Chicago Cubs' Hendry Cool on the Hot Seat

Jack StentwillerContributor IDecember 28, 2009

CHICAGO - JUNE 17: General Manager Jim Hendry of the Chicago Cubs talks to manager Ozzie Guillen and manager Lou Pinella before an interleague game against the Chicago White Sox on June 17, 2009 at Wrigley Field in Chicago, Illinois. (Photo by Jonathan Daniel/Getty Images)
Jonathan Daniel/Getty Images

I will give General Manager Jim Hendry and the rest of the Chicago Cubs front office this.

They are not overreacting.

This offseason, after a largely disappointing 2009 campaign, the Cubs have made no significant additions to their 83 win team. They also are only rumored to be looking at tweaking, bringing maybe a bottom of the rotation starter or center fielder in.

In an era where those in player personnel often overreact to disappointing seasons, I wish it was more refreshing to see a GM who stays patient and plays for the long term.

The Cubs are in need of some roster change, and considering Hendry's job could be at stake following 2010 under new ownership, it is very surprising to see him concentrate mostly on dumping players (i.e. Milton Bradley and Kevin Gregg) rather than adding players.

The free agent market is thin, and the Cubs are close to maxed out on payroll. Hendry, however, has proven in the past to be pretty creative (pulling one-sided deals for Clement, Alfonseca, DLee, and ARam).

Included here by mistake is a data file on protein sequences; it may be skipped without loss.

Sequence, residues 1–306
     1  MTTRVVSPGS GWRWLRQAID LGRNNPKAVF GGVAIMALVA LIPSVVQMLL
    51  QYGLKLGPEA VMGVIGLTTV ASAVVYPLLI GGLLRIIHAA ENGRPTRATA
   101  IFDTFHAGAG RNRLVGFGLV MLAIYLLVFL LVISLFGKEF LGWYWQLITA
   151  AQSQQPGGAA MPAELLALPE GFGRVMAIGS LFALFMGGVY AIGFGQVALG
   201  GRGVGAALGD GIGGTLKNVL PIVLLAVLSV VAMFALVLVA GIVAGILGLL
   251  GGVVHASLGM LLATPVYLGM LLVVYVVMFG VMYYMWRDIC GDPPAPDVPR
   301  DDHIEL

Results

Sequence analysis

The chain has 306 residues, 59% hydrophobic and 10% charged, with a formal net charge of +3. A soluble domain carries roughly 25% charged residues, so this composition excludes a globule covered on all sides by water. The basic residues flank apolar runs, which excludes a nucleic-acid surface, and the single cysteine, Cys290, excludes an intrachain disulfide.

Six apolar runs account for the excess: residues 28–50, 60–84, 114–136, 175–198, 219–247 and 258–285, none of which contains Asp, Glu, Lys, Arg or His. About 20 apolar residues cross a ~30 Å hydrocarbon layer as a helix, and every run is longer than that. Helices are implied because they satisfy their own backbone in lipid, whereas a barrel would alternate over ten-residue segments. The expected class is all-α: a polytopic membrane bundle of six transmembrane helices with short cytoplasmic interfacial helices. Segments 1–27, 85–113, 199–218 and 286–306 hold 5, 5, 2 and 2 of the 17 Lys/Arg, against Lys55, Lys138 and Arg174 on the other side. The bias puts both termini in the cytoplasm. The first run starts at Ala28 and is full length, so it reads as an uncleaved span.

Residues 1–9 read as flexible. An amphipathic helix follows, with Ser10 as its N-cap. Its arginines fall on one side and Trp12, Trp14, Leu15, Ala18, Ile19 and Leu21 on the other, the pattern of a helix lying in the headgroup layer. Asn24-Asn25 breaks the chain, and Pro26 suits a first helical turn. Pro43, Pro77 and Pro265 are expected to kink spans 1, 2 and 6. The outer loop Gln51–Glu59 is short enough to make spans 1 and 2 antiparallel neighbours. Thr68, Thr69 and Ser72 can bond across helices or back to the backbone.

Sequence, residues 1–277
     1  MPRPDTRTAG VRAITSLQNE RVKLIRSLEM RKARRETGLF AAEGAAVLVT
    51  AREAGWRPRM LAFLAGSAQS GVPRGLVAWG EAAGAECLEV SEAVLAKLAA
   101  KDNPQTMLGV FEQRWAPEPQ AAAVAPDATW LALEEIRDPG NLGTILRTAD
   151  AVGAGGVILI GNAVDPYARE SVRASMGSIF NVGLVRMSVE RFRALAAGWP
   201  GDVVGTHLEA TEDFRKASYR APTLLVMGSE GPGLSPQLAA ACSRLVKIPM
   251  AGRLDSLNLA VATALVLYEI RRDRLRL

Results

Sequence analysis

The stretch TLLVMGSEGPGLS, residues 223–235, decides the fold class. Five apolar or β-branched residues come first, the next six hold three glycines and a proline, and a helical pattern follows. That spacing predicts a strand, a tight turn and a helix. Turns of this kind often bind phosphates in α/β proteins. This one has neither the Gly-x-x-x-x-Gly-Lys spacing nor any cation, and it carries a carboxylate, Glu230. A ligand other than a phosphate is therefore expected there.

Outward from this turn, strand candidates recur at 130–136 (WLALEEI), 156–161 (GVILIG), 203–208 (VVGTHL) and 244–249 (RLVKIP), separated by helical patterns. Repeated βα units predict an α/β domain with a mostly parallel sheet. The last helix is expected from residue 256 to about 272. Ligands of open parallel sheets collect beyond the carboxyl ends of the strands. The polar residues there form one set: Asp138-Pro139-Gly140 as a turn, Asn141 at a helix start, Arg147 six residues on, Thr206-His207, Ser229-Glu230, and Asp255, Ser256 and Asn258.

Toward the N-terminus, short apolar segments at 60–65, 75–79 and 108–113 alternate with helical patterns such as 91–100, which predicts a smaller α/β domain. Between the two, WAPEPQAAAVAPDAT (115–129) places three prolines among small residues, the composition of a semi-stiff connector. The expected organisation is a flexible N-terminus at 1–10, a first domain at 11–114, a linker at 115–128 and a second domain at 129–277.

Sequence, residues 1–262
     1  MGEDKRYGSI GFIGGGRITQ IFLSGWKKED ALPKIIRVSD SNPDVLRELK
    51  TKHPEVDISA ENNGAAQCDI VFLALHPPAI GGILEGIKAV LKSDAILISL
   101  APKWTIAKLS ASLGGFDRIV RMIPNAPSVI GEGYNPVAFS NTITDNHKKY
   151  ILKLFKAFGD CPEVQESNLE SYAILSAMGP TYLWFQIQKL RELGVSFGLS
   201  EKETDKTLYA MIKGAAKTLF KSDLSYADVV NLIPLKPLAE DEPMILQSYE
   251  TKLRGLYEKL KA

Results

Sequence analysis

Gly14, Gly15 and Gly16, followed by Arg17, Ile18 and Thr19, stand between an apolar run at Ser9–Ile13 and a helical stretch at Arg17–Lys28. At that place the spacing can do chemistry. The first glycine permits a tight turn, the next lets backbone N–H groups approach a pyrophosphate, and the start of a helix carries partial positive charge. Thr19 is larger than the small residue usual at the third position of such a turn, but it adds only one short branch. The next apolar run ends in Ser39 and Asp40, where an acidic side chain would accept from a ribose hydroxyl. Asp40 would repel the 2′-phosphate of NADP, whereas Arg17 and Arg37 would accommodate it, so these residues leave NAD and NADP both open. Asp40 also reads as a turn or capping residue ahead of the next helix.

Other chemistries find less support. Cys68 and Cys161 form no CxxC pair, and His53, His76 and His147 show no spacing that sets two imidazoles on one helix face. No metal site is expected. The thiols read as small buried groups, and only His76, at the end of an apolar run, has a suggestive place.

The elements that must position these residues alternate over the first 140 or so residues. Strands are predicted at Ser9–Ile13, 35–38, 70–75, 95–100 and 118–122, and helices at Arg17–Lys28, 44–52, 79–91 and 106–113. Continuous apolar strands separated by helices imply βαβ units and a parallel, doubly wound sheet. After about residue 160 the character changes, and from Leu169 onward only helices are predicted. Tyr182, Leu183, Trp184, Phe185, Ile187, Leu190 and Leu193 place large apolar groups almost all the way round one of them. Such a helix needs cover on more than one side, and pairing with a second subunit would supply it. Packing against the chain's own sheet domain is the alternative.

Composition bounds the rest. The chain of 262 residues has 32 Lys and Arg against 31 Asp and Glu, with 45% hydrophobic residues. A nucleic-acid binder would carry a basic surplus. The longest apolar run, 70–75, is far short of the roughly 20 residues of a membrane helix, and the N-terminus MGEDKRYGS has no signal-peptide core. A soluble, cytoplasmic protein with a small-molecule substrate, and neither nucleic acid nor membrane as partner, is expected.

It is interesting that he has chosen to stay with this nucleus, especially since they have not won a postseason game in two trips.

This is the very reason why some additions/changes are needed. Even if you feel the 2009 club underperformed compared to talent (I would argue they are closer to an 83 win team than a 95 win team), this team was still not a World Series contender, which is the club's stated goal.

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Yet, Hendry has stuck with Piniella, and the core group of guys like Lee, Ramirez, Soriano, Zambrano, Lilly, and Dempster.

I like many of those players, but even at their best, this team was first round playoff, central division champ team. They did not even sniff the League Championship Series.

For many teams and cities, competing for divisions and three straight winning seasons would be great. Heck, the Cubs would have killed for the past three seasons 10, 20, and 30 years ago.

The second highest payroll in the league, however, raises expectations. I think it is fair to expect this team to contend for the NL Pennant.

The current roster, however, does not seem capable of winning a pennant, and so far this offseason, the Cubs have tried for addition by subtraction.

Even if that works, it will only get them back to the level of play that got them swept in the first round of the playoffs.

Hendry is not gambling on anyone this offseason. Which is a surprise, since he could be gambling with his job.


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